In general, according to these proposed rules, a project review by DFO is not required for certain “small” projects when certain conditions are met and measures are taken, to prevent harmful impacts to fish and fish habitat and to avoid contravention of the Federal Fisheries Act and the Species at Risk Act. If you cannot meet all of the conditions and implement all of the applicable measures listed, your project may result in a violation of the Fisheries Act and the Species at Risk Act, and you could be subject to enforcement action. Please note this code of practice does not replace the obligation to comply with the requirements of any other federal, provincial or municipal regulatory agency.
DFO is responsible for the conservation and protection of fish and fish habitat across Canada. Under the Fisheries Act, no activities in or near water can result in the harmful alteration, disruption or destruction (HADD) of fish habitat, or the death of fish, unless it has been authorized by DFO.
Related Earlier News:
June 21, 2019 – The revised Federal Fisheries Act (Bill C-68) gives the Department of Fisheries and Oceans (DFO) increased oversight of development activities and the management of fish and fish habitat. It restores prohibitions against the harmful alteration, disruption, and destruction of fish habitat, and should allow for better protection for biodiversity. The Act also has tools to repair past harm to habitat and helps depleted fish populations recover from impacts such as climate change, loss of habitat or other environmental conditions. Over the next year, there will be much work to do to rebuild the regulations under the new Act, set up the proposed public registry and more. For more information, visit the DFO Fisheries Act web pages.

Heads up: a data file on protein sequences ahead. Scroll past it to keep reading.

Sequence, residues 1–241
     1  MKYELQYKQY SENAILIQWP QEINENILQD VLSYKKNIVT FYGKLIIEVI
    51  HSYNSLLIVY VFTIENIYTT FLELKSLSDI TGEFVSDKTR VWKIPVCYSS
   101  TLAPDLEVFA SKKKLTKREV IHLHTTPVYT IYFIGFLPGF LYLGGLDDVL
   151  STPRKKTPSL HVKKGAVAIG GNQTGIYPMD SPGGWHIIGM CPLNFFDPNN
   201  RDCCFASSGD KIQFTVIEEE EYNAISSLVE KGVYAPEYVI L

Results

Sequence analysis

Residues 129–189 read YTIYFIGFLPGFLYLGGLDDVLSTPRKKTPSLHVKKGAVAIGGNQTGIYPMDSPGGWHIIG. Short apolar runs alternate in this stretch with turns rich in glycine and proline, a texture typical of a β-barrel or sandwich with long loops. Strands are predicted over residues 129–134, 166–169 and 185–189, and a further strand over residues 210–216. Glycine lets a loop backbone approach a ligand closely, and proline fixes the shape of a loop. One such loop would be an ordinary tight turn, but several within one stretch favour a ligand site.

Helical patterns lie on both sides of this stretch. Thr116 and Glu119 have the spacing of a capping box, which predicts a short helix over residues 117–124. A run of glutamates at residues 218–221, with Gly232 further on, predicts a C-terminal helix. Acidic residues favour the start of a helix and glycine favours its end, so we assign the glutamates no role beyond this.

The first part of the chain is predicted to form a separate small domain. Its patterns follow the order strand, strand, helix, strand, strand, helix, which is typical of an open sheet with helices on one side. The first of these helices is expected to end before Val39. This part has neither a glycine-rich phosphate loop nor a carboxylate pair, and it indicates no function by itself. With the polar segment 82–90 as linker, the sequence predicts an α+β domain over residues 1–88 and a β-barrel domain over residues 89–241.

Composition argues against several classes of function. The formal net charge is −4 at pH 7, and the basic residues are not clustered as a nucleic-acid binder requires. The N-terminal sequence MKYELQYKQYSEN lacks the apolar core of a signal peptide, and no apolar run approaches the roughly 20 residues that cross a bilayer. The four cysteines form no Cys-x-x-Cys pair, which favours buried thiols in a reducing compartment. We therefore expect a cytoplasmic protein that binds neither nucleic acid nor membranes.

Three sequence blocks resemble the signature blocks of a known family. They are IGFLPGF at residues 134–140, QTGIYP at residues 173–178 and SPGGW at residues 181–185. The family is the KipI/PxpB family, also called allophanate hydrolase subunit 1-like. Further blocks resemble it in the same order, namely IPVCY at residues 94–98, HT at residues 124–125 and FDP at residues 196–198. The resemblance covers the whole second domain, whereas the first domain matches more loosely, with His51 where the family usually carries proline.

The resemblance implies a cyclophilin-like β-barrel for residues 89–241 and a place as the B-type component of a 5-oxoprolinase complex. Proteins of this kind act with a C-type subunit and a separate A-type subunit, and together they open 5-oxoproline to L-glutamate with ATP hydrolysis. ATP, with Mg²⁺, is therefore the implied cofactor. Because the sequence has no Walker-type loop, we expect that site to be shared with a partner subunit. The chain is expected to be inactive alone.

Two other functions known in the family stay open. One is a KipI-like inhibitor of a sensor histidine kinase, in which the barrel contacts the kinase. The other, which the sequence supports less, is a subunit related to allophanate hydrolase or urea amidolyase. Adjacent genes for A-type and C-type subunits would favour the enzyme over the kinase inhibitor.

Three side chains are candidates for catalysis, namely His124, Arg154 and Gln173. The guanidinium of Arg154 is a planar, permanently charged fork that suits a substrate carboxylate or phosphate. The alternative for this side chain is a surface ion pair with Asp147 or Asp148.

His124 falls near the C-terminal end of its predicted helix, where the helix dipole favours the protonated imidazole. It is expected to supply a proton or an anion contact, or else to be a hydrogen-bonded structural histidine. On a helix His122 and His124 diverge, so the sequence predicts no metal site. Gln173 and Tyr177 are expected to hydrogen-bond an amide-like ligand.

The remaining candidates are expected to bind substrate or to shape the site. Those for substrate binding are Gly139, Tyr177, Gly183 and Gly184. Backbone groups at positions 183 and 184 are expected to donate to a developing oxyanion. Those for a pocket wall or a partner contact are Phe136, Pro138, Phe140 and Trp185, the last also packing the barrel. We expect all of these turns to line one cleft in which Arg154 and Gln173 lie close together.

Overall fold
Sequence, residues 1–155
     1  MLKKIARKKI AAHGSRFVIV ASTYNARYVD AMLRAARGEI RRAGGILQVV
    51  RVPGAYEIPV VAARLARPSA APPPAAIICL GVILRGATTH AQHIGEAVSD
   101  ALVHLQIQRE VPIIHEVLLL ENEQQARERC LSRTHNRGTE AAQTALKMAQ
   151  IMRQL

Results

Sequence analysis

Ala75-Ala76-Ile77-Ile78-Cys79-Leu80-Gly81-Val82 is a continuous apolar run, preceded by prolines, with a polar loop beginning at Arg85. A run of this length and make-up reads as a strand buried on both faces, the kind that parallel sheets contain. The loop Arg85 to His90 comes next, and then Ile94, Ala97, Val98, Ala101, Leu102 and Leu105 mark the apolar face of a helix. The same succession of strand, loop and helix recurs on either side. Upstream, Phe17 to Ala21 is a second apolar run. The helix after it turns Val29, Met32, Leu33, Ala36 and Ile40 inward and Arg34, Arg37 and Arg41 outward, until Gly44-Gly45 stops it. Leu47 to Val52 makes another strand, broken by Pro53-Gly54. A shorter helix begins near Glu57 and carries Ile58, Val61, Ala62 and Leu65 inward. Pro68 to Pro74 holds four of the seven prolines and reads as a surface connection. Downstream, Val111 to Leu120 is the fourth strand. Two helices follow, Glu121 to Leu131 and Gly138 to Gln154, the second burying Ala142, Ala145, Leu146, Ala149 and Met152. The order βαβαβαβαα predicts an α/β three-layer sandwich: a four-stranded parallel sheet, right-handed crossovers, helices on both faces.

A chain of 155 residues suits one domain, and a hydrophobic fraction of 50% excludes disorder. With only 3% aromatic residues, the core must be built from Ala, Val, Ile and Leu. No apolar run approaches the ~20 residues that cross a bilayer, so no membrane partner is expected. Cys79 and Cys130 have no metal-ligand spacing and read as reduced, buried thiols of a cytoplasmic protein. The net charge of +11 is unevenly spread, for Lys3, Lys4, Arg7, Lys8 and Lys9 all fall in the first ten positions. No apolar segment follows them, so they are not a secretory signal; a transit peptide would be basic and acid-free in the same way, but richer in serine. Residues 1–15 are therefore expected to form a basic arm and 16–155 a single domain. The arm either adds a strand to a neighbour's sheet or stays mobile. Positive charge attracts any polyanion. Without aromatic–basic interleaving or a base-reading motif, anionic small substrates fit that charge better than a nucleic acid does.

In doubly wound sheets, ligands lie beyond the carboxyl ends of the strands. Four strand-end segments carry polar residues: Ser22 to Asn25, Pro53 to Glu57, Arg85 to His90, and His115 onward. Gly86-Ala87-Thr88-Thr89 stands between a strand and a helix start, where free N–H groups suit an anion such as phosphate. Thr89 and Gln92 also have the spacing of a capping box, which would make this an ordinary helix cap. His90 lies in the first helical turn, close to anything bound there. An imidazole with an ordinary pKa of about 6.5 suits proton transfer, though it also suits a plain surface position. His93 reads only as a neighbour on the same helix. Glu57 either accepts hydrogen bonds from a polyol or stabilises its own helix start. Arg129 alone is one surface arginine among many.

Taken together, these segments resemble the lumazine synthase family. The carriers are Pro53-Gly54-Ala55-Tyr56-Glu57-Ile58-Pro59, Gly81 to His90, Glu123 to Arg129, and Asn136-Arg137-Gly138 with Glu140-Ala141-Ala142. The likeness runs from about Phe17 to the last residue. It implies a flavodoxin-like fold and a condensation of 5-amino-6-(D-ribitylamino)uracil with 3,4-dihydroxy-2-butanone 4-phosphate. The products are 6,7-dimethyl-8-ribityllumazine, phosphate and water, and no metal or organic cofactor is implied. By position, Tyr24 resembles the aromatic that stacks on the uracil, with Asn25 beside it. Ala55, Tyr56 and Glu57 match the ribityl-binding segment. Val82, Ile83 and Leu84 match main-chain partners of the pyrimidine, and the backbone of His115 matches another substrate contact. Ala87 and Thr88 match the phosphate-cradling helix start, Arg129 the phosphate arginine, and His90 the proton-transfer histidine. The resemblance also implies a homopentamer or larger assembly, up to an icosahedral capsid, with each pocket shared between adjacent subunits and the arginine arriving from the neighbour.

May 2023 – Our member group, the Three Mile Lake Community Association in Armour Township, is in the midst of countering such a threat.
Transport Canada is reviewing the situation, and the association has created a petition that requires 500 signatures in order to be read by the local MP in the House of Commons, hoping to stop such incidents from happening. If you wish to add your name to the petition, please access it here by June 25, 2023 at the latest. (In the aerial image provided by the association, the “aerodrome” in question is seen near the lower left of the picture, and looks a lot like a dock with 4 boat slips.)
Sept.20, 2022 – Ban on new Jack Lake on-land boathouses moves forward (Peterborough Examiner) – consultant’s report recommends coming in-line with neighbouring Township of North Kawartha ban.
Aug. 16, 2022 – Tay Township, Ont. considering zoning bylaw for docks (Cottage Life) – looking at something similar to the Township of Georgian Bay, which does have bylaws around dock size.
April 21, 2022 – the Township of Havelock-Belmont-Methuen is holding a virtual and in-person public meeting to consider a proposed Official Plan Amendment and Zoning By-law Amendment to prohibit the development of boathouses on Jack(‘s) Lake. Pre-registration to attend is required. Get details here.